Herman Cain and sexual harassment: New York Times advances storyline


SOURCE: CBS News

Second, Cain himself spends a day saying contradictory things about the report, with a refrain that the allegations are “totally baseless.”

Third, the Washington Post reports that one of the complainants wants to speak out about this “baseless” stuff, if only she can get released from her non-disclosure agreement.

Fourth, the New York Times adds critical new details. Such as: One of the complainants received a year’s worth of severance following her complaint. From the story:

Four people with contemporaneous knowledge of the encounter said it had taken place in the context of a work outing during which there had been heavy drinking — a hallmark, they said, of outings with an organization that represents the hospitality industry. They spoke on condition of anonymity to avoid being publicly drawn into the dispute, and declined to provide details of the encounter, saying they did not want to violate the privacy of the woman.

Fifth, the Washington Post notes that the complainant who apparently wanted to speak out may be equivocating a touch. Her lawyer told the Post that she’s a federal employee prohibited by the Hatch Act.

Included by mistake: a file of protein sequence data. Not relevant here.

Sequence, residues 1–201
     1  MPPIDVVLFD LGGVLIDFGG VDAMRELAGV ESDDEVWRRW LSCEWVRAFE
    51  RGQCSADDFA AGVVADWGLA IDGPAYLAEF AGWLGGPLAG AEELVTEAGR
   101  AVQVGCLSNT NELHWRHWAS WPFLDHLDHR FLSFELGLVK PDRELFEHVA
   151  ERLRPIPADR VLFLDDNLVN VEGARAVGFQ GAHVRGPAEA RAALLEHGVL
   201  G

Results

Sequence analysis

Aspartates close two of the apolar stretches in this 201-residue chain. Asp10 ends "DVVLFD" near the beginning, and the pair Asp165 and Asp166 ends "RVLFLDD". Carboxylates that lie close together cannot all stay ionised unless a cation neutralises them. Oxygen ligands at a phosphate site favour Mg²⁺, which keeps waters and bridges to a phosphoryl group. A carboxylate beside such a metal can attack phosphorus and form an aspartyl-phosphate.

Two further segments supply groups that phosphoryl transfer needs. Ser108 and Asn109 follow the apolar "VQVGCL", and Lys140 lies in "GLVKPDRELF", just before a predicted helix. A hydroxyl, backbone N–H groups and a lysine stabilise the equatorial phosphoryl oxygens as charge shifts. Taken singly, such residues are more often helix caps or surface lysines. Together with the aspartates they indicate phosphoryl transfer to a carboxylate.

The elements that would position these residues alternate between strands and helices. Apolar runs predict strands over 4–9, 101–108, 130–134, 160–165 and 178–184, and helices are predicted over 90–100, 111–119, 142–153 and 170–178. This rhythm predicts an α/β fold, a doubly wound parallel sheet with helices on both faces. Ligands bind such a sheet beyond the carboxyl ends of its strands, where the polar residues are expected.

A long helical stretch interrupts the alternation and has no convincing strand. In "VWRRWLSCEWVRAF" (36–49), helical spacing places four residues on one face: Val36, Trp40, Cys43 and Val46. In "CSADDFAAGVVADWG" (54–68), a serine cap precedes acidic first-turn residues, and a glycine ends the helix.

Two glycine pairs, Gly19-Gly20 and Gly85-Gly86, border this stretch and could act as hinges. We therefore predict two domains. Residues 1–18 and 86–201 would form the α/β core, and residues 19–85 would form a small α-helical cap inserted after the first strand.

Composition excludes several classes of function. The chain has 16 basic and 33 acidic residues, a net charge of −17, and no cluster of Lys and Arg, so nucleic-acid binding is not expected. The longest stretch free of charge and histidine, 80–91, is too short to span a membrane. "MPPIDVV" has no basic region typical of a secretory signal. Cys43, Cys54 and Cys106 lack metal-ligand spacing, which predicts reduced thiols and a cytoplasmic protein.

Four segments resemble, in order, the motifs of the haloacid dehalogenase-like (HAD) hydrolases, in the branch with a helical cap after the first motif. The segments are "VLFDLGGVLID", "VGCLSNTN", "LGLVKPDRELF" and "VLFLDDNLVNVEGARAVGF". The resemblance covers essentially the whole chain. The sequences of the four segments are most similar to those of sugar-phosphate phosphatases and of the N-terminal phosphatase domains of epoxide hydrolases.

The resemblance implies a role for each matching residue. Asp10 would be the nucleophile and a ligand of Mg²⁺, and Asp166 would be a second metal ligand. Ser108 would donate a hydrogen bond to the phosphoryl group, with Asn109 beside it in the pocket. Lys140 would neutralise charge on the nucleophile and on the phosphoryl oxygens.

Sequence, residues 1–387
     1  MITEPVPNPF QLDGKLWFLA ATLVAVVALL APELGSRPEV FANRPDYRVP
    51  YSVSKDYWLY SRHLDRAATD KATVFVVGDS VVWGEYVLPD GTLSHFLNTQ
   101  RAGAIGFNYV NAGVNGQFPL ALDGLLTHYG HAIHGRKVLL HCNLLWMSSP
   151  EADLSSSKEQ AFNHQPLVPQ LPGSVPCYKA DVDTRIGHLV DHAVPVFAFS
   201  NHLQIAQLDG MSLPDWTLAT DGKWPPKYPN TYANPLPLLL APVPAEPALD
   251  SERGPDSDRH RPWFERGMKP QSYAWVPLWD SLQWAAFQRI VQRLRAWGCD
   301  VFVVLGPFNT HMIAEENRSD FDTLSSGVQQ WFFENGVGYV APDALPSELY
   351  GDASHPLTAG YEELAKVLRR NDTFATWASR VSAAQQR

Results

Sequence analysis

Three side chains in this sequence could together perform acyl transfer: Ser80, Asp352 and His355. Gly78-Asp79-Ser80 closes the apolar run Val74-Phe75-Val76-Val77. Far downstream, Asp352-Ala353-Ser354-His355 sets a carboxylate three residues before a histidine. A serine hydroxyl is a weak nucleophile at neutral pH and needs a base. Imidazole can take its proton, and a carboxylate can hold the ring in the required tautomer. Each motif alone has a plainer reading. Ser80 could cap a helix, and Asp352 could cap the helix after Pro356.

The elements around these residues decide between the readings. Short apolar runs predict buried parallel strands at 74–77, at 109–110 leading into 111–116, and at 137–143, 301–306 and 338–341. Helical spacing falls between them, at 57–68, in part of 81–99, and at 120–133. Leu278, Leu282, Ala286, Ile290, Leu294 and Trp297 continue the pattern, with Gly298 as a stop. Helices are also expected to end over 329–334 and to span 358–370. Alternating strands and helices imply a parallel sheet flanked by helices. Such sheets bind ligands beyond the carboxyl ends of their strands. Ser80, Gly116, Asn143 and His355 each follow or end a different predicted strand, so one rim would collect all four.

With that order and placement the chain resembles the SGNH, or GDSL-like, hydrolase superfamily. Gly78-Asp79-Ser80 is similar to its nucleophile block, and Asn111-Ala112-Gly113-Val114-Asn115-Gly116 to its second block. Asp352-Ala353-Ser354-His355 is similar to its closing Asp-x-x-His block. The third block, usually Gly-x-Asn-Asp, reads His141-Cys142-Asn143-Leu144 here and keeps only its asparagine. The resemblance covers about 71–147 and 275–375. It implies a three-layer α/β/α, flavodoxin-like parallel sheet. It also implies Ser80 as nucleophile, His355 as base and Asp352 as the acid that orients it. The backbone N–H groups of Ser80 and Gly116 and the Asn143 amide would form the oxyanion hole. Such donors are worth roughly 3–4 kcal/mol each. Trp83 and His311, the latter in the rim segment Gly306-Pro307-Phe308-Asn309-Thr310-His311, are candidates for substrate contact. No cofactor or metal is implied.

With each tick and tock of the story, we learn just how layered and complicated an investigative report stemming from employment complaints is. They’re sticky and stubborn and mired in legal considerations that keep everyone from opening up. Even those who could speak out use legal considerations as an excuse not to.

Yet with the most recent disclosures, the story has turned a corner, moving from something that detractors could attack with slight justification to something that detractors can attack at great peril to their own credibility. That means that the guy who wrote that it all amounts to a “first-rate tip”and not an actual story may want to issue an amended take on things; that the guy who questioned the story’s traction quotient and chided it for lacking detail may want to officially concede traction; and that those who have linked the story to inexplicable and inexcusable charges of racism may want to hide their faces in shame.

Erik Wemple writes the Erik Wemple blog, where he reports and opines on media organizations of all sorts.

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